Bulgaria, Estonia and Sweden met their 2020 renewable energy targets in 2011/12, according to new analysis from the statistical office of the European Union.
At the other end of the scale, the UK was ranked as one of the lowest renewable energy generators. It achieved just a 4.2% share in 2012 – far short of its 2020 target of 15%.
Overall, the new statistics from Eurostat reveal that in 2012, energy from renewable sources contributed 14.1% of gross final energy consumption in the 28 EU member states.
These figures differ slightly from those published by the European renewable energy barometer EurObserv’ER in December.
Eurostat also calculated which nations produced the highest shares of renewable energy in final energy consumption. Sweden topped the list by some distance with 51%, while Latvia and Finland followed with 35.8% and 34.3% respectively.
Estonia became the first EU nation to reach its 2020 target in 2011 (16%) and in 2012 Bulgaria, and Sweden followed suit (25% and 49% respectively).
The EU’s current overall target dictates that the EU28 must have a 20% share of energy from renewable sources.
Ministers will discuss the new rules, which will set targets for 2030, in Brussels this month. Talks began last Monday, at an Environment Council meeting attended by the UK environment secretary Owen Paterson and the energy secretary Ed Davey.
The British government, along with the European commission – the only EU body able to approve such legislation – has so far been opposed to introducing new renewable energy targets for individual nations.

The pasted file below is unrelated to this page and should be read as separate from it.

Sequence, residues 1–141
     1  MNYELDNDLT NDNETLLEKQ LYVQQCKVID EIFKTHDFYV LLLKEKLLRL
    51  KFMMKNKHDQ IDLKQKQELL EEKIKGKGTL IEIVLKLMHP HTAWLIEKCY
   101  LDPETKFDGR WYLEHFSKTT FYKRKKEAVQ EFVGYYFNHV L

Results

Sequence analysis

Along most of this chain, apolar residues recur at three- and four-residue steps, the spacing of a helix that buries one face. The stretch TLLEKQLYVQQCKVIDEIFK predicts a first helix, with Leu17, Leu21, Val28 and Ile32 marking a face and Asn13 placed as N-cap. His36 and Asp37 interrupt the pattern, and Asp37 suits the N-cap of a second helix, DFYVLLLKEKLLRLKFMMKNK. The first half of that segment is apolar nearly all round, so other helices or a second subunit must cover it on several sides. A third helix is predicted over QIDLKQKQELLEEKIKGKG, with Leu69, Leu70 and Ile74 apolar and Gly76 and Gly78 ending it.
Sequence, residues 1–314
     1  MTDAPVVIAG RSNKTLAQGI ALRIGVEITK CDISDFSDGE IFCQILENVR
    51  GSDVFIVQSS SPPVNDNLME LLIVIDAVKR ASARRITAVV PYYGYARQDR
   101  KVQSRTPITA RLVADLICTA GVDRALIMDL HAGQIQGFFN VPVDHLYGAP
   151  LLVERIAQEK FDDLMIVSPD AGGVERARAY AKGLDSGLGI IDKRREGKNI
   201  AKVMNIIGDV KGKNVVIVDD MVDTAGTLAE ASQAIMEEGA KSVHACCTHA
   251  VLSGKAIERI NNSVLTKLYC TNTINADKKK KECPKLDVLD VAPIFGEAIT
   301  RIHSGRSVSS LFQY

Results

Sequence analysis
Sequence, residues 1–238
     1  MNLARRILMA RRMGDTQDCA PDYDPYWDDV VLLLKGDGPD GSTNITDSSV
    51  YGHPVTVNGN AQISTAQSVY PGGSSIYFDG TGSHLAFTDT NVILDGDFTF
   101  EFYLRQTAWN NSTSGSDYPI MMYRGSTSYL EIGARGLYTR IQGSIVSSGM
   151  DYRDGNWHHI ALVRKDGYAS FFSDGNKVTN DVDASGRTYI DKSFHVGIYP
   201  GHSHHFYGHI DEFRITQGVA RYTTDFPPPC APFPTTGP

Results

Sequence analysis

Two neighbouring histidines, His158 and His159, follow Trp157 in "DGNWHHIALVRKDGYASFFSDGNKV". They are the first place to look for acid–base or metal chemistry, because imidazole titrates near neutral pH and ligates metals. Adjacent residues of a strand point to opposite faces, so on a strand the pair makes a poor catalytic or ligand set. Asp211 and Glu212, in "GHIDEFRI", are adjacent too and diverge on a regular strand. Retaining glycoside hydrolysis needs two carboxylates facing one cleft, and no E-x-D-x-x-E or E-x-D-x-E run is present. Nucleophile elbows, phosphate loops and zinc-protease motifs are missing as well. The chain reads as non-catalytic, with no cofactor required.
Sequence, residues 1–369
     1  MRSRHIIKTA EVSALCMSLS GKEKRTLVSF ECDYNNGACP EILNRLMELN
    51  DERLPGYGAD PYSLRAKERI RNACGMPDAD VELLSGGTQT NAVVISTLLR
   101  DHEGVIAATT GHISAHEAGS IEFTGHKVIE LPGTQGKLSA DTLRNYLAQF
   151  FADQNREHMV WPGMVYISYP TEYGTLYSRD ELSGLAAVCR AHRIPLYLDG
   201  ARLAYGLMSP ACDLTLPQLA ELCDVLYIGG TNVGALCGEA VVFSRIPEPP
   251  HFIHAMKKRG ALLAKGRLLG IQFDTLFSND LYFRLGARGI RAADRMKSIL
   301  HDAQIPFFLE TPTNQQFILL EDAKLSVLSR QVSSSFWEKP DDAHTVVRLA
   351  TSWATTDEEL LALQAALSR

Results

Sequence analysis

In January, the commission voted for carbon emission reduction targets of 40% by 2030 but set an EU-wide target for renewable energy of 27%, rather than setting a target for each state.
Critics called these targets a “major disappointment” and “toothless”, warning that they would undermine investment in renewable technologies.
In a later vote, the European parliament – whose verdict is not binding and can be ignored by EU states – seemed to side with these critics. MEPs voted in favour of a framework that would require all nations to generate at least 30% of energy from renewable sources by 2030.
Experts and voices from within the renewable industry have warned that ignoring the parliament’s vote, and rejecting binding renewable targets, would threaten investment in clean technology.